How can I protect my kids from looking at illegal, inappropriate, or harmful content online?
Parents used to worry about the stash of magazines hidden under the bed. Now it’s the browser history. And all that gossip and drama in the schoolyard now plays out online.
Luckily, there are simple tools that help you manage the content your children are able to see. It’s also wise to make sure young people understand that they need to be careful about clicking on links in emails or opening email attachments from people they don’t know.
“”“If there is one thing he loves more than Minecraft its watching Minecraft videos on YouTube. Recently he started getting nightmares and when we looked at his YouTube history we discovered why. He had been clicking on recommended videos and had started watching Minecraft video that had swearing and graphic content. We turned on Safety Mode on YouTube, but we also talked to him about the kind of videos we did and didn’t want him to watch.” – Paul
Of course, as they get older, they need to know how to use the internet wisely even when they’re on their own. And as digi-savvy parents, that means equipping our kids with the skills they need to navigate online safely and responsibly. We can’t put a Policeman in every website. But we can put one inside every young person’s head!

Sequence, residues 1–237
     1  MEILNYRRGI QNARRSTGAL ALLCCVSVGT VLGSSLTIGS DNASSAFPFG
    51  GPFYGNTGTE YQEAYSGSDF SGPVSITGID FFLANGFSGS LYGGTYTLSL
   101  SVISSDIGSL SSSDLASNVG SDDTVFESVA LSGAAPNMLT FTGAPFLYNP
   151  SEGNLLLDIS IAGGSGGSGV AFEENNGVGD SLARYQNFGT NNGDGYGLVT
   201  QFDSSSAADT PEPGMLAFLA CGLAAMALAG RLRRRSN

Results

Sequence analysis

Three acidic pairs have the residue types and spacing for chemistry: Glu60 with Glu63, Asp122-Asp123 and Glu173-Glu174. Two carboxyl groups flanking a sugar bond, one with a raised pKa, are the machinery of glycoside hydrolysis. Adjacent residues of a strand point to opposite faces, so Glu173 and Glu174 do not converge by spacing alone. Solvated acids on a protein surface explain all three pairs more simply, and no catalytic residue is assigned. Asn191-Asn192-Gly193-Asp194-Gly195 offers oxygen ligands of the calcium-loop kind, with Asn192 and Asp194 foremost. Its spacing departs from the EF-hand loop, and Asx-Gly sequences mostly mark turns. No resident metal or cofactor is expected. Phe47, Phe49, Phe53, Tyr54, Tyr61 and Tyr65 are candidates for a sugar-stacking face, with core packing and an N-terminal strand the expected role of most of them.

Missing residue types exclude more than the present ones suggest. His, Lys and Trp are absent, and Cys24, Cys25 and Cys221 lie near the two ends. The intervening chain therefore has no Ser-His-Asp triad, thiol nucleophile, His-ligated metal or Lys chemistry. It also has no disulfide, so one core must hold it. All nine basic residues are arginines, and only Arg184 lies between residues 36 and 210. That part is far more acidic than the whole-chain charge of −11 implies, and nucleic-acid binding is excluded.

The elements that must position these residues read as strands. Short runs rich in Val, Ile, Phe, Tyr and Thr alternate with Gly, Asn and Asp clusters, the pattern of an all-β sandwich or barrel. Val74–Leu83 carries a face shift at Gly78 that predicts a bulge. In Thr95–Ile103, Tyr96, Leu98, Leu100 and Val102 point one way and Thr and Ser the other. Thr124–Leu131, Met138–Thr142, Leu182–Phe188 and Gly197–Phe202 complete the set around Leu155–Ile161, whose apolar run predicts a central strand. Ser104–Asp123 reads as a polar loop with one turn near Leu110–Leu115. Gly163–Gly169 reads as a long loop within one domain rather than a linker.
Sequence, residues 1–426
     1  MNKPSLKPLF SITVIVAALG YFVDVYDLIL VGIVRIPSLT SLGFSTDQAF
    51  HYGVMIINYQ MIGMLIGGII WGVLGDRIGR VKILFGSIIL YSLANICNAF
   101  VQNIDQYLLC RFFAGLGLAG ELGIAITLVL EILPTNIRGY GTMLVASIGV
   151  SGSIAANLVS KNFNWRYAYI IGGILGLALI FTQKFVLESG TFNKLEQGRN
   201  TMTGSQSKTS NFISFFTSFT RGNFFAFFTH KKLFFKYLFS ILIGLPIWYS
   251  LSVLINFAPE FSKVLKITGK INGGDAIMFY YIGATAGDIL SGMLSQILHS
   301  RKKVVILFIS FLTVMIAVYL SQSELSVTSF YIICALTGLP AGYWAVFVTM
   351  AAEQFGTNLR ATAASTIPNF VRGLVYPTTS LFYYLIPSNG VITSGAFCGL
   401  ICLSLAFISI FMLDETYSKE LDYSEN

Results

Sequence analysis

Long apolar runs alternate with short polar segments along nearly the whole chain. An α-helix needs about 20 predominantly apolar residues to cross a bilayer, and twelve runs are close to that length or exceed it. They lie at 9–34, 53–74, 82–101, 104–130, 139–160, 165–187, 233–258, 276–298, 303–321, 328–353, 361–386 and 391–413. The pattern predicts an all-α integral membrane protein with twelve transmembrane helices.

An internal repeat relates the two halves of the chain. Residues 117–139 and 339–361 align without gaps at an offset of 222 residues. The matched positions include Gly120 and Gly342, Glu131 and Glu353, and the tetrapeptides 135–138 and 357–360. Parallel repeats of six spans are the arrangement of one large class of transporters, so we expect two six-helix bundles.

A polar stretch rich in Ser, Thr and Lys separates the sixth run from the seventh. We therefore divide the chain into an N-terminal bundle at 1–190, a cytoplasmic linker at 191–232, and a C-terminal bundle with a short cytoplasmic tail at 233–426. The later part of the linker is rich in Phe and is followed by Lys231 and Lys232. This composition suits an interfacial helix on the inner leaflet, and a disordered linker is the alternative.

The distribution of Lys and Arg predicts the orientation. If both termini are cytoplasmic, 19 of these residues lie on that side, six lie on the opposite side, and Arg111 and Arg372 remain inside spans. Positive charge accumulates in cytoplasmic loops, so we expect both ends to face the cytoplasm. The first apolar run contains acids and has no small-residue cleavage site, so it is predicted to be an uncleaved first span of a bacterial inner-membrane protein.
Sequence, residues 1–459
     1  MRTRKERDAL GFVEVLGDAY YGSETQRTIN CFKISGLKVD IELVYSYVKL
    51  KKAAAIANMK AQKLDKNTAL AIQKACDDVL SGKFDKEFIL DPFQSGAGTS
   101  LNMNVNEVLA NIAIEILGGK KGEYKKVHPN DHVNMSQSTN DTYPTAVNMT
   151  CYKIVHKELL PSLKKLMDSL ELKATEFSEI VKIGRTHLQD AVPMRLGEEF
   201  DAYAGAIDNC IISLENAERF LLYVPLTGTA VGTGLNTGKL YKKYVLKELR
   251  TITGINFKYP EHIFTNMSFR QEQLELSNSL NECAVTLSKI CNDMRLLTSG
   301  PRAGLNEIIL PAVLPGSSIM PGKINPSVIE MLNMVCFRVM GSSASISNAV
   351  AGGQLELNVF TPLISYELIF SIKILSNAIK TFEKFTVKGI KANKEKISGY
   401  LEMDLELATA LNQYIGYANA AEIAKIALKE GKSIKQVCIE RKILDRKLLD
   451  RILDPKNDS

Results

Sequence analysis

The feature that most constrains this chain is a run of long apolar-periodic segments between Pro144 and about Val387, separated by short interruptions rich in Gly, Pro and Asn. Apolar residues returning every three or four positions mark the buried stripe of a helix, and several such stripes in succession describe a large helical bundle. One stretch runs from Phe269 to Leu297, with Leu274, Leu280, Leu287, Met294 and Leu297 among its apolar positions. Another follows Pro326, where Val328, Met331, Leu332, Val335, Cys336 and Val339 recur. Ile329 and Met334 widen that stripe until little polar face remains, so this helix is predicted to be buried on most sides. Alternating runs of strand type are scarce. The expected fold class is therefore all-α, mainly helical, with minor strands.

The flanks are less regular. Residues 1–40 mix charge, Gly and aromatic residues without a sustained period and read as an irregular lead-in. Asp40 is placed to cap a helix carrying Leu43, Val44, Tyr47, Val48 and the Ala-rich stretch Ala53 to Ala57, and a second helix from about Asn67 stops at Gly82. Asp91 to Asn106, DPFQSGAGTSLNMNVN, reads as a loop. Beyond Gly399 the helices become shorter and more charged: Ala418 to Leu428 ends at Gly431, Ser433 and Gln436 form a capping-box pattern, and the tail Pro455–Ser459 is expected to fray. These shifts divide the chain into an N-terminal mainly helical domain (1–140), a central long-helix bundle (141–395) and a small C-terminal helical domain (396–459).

Simple Safety Tips.
Just as you rely on TV parental guidelines and film ratings to help protect your child from unsuitable content in other media, make the most of online tools and set controls on Social Media and Smart Phones but remember there is no substitute for parental supervision!
With younger children, be aware of how they use the internet, then agree which websites they can use; with teens, discuss what is appropriate and what’s not.
Discuss the importance of age limits on social media, game sites and video-sharing websites (e.g. Facebook and YouTube is 13+) – these age limits are there to help protect younger children from unsuitable content. Use your judgement – you know your child best and will know when they are ready to have a social media account.
Explain why they shouldn’t click on links or open email attachments sent by people they don’t know, or respond to surveys or questionnaires.
Make sure they know they can talk to you about anything that makes them feel uncomfortable at any time, and reassure them that you won’t take away their internet access, mobile or games console.
If you’re concerned that something your child has seen online is inappropriate report it to your internet, mobile or games provider (go to the ‘Help’ or ‘Safety’ areas on their website to find out how) or report it to NetSafe.